Nation

Where Do Drugs For Lethal Injections Come From? Few Know

NPR | July 30, 2013 3:45 p.m.

Contributed By:

Kathy Lohr

A new law in Georgia keeps the company where they buy drugs used in lethal injections a secret. This has lead some to question if the law is constitutional and violates the ban on cruel and unusual punishments.

A new law in Georgia keeps the company where they buy drugs used in lethal injections a secret. This has lead some to question if the law is constitutional and violates the ban on cruel and unusual punishments.

AP, Ric Feld

To deal with a shortage of lethal injection drugs, Georgia lawmakers passed a measure that makes information about where the state got its supply a secret.

Warren Lee Hill, who is on death row for brutally killing another inmate in 1990, was scheduled to die by lethal injection twice this month, but attorney Brian Kammer says it’s unclear whether the drug acquired for the execution would work properly.

“The drug is pentobarbital and it was made at an out-of-state compounding pharmacy,” he says. When asked if that’s all he knew, Kammer responded: “We know about compounding pharmacies generally, enough to stoke major concern.”

Compounding pharmacies are largely unregulated. And the drugs could be expired or tainted, Kammer says, which could cause a problem during an execution. A judge blocked Hill’s execution, saying the law allows the state to withhold information that is essential in determining the effectiveness of the drugs.

“Mr. Hill has a right to be free from cruel and unusual punishment,” Kammer says. “In order to prove that, we need to have access to information about where the drug is coming from and how it’s manufactured. And by blocking that information, even from court scrutiny, our argument is they’re blocking us from the courthouse door.”

The state attorney general would not comment on the ongoing case. But at a hearing in July, Assistant Attorney General Sabrina Graham said there’s no evidence the drugs are substandard. There’s a good reason for the state to protect manufacturers’ identities, she says.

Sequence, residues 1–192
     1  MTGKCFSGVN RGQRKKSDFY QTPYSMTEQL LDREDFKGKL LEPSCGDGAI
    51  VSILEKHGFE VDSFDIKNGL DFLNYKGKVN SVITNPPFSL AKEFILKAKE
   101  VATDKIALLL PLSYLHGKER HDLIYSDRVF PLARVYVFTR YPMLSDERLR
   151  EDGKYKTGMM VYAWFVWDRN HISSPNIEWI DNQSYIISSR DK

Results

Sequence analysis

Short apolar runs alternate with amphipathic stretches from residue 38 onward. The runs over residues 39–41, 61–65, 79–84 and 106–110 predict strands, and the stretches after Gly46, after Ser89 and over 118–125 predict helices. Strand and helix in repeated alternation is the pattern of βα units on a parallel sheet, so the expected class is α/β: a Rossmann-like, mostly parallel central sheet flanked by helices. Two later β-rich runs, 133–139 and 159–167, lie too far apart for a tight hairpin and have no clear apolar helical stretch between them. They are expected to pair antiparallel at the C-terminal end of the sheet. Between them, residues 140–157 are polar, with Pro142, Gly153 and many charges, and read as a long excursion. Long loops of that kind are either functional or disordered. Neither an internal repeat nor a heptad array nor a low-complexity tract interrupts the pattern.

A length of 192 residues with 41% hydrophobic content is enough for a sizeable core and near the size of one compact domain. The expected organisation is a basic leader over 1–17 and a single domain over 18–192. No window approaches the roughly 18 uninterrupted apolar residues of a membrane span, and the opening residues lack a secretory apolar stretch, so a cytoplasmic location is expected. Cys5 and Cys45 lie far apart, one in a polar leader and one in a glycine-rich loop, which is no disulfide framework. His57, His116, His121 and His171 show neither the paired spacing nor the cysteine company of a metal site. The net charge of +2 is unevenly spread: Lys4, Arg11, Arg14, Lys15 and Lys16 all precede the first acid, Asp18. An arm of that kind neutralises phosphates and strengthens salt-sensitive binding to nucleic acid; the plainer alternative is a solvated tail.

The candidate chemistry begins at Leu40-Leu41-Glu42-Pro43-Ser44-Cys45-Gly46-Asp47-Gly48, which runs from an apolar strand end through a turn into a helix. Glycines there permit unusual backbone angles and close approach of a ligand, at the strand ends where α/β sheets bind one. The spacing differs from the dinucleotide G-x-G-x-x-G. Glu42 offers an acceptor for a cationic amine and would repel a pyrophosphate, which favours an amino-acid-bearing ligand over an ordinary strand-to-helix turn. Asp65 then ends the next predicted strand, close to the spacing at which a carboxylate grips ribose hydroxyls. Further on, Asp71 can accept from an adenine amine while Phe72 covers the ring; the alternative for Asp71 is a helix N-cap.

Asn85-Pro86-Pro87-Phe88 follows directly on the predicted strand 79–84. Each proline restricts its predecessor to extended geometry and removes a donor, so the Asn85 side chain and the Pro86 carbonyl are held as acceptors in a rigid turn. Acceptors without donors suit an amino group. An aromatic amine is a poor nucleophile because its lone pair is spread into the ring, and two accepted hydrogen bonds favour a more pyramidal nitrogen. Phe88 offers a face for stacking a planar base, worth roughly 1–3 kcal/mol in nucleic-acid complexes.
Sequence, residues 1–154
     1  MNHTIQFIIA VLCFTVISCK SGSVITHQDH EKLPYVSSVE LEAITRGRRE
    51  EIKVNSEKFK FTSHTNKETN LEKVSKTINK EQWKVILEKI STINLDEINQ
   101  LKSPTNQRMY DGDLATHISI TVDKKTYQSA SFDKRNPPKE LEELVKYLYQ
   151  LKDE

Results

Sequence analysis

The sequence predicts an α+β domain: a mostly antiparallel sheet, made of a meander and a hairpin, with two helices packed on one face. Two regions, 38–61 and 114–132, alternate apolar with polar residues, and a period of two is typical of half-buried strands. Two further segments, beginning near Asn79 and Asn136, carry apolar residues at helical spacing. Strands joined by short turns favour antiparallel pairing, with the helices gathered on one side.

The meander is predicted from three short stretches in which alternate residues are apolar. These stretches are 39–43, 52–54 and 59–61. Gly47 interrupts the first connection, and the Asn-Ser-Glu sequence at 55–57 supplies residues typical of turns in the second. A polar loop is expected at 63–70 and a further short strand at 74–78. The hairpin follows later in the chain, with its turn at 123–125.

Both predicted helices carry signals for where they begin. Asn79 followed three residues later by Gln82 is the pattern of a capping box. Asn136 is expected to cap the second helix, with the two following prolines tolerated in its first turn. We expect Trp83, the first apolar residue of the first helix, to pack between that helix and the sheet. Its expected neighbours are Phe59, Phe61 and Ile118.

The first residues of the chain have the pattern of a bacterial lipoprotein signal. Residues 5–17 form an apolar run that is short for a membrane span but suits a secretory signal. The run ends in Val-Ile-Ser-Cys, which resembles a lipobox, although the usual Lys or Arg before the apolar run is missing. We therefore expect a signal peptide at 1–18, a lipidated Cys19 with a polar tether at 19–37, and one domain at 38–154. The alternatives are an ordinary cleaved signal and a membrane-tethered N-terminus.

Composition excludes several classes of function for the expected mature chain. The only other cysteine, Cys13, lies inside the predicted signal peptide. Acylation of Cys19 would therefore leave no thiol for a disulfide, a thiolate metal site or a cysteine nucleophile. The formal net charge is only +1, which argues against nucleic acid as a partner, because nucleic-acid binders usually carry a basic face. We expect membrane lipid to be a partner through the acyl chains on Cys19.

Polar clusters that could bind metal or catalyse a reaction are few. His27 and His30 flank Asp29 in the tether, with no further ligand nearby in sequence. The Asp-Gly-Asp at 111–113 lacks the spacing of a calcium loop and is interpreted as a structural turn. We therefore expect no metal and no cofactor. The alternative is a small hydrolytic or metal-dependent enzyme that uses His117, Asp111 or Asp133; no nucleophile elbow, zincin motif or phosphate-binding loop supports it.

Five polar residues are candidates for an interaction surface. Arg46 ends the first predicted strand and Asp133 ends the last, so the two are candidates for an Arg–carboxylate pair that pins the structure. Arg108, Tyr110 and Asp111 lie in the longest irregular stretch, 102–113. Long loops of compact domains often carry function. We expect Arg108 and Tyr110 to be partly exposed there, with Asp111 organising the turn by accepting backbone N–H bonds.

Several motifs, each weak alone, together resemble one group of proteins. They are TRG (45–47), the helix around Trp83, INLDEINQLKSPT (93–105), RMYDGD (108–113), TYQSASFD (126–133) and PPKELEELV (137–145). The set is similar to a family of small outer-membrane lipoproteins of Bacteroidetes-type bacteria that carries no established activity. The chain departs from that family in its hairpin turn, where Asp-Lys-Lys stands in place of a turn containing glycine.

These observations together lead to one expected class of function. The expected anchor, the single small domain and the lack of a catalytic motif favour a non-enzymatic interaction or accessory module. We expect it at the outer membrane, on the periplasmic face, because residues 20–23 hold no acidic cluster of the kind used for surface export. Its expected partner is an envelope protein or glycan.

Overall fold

“Once that compounding pharmacy’s identity is revealed, how will the Department of Corrections ever get another compounding pharmacy to sell to us?” Graham asks. “Certainly how will we get a doctor knowing that he is going to be or she is going to be dragged into court?”

Since 2010, when the only manufacturer of one of the drugs used in the process stopped making it, several states enacted secrecy laws. The next year, Georgia acquired some of its drugs from out of the country. But federal authorities seized the supply. The state then began using a new drug, pentobarbital, but it, too, is in short supply.

South Dakota has a secrecy law similar to Georgia’s, but it hasn’t been tested yet. Other state laws are being challenged. And recently, a federal appeals court ruled the Food and Drug Administration was wrong to allow Arizona and other states to import a lethal injection drug from overseas.

States are having a tough time finding supplies, says Fordham University law professor Deborah Denno. But that doesn’t mean officials should hide information about the process, she says.

“If, in fact, these drugs are not problematic, then Department of Corrections’ should have no concern about revealing what their sources are,” Denno says.

In Georgia, Warren Lee Hill’s execution is on hold until the state judge can fully consider how much information the state can withhold. And there’s another big legal issue here: Hill has an IQ of around 70. All the state doctors have changed their minds and now agree he is intellectually disabled. Whether or not the execution drug issue is resolved, Hill attorneys say he should be exempt from the death penalty.

Copyright 2013 NPR. To see more, visit http://www.npr.org/.

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